Yamada, E. et al. Akt2 phosphorylates Synip to regulate docking and fusion of GLUT4-containing vesicles. J. Cell Biol. 168, 921-928

Department of Medicine and Molecular Science, Gunma University Graduate School of Medicine, Maebashi, Gunma, 371-8511, Japan.
The Journal of Cell Biology (Impact Factor: 9.83). 04/2005; 168(6):921-8. DOI: 10.1083/jcb.200408182
Source: PubMed


We have identified an unusual potential dual Akt/protein kinase B consensus phosphorylation motif in the protein Synip (RxKxRS(97)xS(99)). Surprisingly, serine 97 is not appreciably phosphorylated, whereas serine 99 is only a specific substrate for Akt2 but not Akt1 or Akt3. Although wild-type Synip (WT-Synip) undergoes an insulin-stimulated dissociation from Syntaxin4, the Synip serine 99 to phenylalanine mutant (S99F-Synip) is resistant to Akt2 phosphorylation and fails to display insulin-stimulated Syntaxin4 dissociation. Furthermore, overexpression of WT-Synip in 3T3L1 adipocytes had no effect on insulin-stimulated recruitment of glucose transporter 4 (GLUT4) to the plasma membrane, whereas overexpression of S99F-Synip functioned in a dominant-interfering manner by preventing insulin-stimulated GLUT4 recruitment and plasma membrane fusion. These data demonstrate that insulin activation of Akt2 specifically regulates the docking/fusion step of GLUT4-containing vesicles at the plasma membrane through the regulation of Synip phosphorylation and Synip-Syntaxin4 interaction.

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    • "Synip was reported to bind to syntaxin to inhibit ternary SNARE complex, furthermore overexpression of synip in β-cell derived clonal cells resulted in the inhibition of glucose-induced insulin secretion [51]. Phosphorylation of Synip by Akt promotes the dissociation of synip from syntaxin, which allows vesicles to dock and fuse with the plasma membrane [52]. Thus, synip may link the inhibition of Akt activity with the suppression of fusions from previously docked granules. "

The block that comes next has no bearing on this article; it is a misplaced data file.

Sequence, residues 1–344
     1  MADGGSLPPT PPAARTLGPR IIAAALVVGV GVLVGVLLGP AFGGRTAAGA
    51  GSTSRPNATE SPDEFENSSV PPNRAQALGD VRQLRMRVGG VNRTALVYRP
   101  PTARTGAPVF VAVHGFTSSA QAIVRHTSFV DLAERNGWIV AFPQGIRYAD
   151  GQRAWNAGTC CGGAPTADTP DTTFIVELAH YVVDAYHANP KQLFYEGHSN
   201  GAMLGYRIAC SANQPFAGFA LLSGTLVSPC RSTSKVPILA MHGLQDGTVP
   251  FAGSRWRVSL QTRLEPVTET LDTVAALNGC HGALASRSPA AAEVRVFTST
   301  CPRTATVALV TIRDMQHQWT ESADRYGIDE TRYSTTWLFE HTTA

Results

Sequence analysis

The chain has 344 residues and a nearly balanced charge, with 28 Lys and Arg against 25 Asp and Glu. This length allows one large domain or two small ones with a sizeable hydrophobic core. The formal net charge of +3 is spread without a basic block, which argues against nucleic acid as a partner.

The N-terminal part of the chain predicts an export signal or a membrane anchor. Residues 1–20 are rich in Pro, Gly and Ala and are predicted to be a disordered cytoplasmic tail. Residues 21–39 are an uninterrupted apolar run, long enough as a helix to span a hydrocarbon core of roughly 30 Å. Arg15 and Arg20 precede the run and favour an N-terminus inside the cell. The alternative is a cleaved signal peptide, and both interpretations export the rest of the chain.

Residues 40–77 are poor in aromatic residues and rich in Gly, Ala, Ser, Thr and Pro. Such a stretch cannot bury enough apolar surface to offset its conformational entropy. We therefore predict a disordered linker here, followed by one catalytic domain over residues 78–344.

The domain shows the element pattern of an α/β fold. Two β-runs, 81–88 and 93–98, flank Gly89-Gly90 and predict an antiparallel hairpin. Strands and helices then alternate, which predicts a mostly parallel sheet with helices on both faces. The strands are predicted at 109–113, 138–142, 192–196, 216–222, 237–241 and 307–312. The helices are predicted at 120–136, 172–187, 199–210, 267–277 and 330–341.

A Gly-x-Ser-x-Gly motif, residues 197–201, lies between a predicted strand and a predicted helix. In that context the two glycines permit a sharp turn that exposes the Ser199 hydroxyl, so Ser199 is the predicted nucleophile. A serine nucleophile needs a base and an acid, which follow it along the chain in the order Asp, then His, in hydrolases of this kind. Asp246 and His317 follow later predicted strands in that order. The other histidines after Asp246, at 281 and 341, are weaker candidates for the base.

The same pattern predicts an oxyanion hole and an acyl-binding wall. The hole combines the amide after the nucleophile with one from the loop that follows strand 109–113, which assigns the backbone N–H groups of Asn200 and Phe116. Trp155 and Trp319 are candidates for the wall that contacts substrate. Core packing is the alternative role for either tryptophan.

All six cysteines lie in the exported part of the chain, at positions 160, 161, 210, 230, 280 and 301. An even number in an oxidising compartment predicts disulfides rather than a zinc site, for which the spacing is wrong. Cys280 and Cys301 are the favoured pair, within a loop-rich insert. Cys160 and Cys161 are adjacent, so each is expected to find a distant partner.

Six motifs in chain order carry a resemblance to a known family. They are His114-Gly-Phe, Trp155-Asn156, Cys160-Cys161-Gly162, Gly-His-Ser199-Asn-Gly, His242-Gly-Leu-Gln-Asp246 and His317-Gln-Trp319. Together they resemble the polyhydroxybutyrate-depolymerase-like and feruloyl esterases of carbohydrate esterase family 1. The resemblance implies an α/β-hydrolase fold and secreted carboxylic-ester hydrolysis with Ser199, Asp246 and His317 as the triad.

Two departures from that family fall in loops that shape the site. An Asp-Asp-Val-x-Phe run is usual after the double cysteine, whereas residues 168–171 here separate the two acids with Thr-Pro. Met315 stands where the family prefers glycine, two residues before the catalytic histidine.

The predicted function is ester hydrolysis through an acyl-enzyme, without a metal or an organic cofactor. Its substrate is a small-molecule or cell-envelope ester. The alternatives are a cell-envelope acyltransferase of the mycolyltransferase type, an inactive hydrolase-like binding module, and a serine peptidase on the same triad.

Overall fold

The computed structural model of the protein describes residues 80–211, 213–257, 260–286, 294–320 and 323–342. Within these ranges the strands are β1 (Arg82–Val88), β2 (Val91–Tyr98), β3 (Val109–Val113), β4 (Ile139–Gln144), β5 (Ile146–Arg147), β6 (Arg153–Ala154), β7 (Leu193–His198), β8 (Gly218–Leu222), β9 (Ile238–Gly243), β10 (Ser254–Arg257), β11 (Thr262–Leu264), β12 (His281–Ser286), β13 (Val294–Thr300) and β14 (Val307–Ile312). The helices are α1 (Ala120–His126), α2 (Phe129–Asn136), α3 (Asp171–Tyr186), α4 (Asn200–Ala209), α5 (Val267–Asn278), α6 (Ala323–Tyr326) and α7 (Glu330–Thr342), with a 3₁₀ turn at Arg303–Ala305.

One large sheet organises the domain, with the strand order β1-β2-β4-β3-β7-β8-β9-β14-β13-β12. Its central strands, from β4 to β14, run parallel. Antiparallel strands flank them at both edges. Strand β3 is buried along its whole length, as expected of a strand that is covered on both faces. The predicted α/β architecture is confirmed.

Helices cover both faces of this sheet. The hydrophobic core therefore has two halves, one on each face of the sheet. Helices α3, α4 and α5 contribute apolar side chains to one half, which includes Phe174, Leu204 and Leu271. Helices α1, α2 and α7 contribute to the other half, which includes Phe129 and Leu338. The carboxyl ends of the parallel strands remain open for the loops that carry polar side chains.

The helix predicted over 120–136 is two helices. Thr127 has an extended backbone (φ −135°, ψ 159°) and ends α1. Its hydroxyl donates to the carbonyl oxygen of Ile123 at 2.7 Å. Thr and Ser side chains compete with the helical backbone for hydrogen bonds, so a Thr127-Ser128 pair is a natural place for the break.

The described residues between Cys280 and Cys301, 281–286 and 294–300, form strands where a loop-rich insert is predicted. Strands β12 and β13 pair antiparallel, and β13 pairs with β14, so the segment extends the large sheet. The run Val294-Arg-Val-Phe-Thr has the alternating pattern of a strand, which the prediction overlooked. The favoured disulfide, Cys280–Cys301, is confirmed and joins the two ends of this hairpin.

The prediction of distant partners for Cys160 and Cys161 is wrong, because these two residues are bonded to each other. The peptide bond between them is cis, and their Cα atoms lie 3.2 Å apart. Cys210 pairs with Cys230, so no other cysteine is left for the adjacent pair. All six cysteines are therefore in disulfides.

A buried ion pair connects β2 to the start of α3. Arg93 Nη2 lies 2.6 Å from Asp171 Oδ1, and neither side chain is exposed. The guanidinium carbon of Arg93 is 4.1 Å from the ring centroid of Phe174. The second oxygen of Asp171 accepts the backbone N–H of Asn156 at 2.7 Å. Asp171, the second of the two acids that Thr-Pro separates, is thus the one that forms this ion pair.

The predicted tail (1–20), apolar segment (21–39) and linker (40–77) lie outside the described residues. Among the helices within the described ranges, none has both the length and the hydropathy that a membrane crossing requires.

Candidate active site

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    ABSTRACT: In glucose-induced insulin secretion from pancreatic β-cells, a population of insulin granules fuses with the plasma membrane without the typical docking process (newcomer granule fusions), however, its mechanism is unclear. In this study, we investigated the PI3K signaling pathways involved in the upregulation of newcomer granule fusions. Acute treatment with the class IA-selective PI3K inhibitors, PIK-75 and PI-103, enhanced the glucose-induced insulin secretion. Total internal reflection fluorescent microscopy revealed that the PI3K inhibitors increased the fusion events from newcomer granules. We developed a new system for transfection into pancreatic islets and demonstrated the usefulness of this system in order for evaluating the effect of transfected genes on the glucose-induced secretion in primary cultured pancreatic islets. Using this transfection system together with a series of constitutive active mutants, we showed that the PI3K-3-phosphoinositide dependent kinase-1 (PDK1)-Akt pathway mediated the potentiation of insulin secretion. The Akt inhibitor also enhanced the glucose-induced insulin secretion in parallel with the upregulation of newcomer granule fusions, probably via increased motility of intracellular insulin granules. These data suggest that the PI3K-PDK1-Akt pathway plays a significant role in newcomer granule fusions, probably through an alteration of the dynamics of the intracellular insulin granules.
    Full-text · Article · Oct 2012 · PLoS ONE
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    • "Synip binds syntaxin 4 in the basal state and inhibits the interaction between syntaxin 4 and the V-SNARE vesicle associated protein-2 (Vamp2) that is present in Glut4 containing vesicles [9]. Insulin stimulation results in the Akt2-mediated phosphorylation of Synip and its dissociation from syntaxin 4 [9], [10]. These events are thought to allow Glut4 vesicle Vamp2 access to syntaxin 4 and the binding of Vamp2 to syntaxin 4 generates a fusion competent complex [12]. "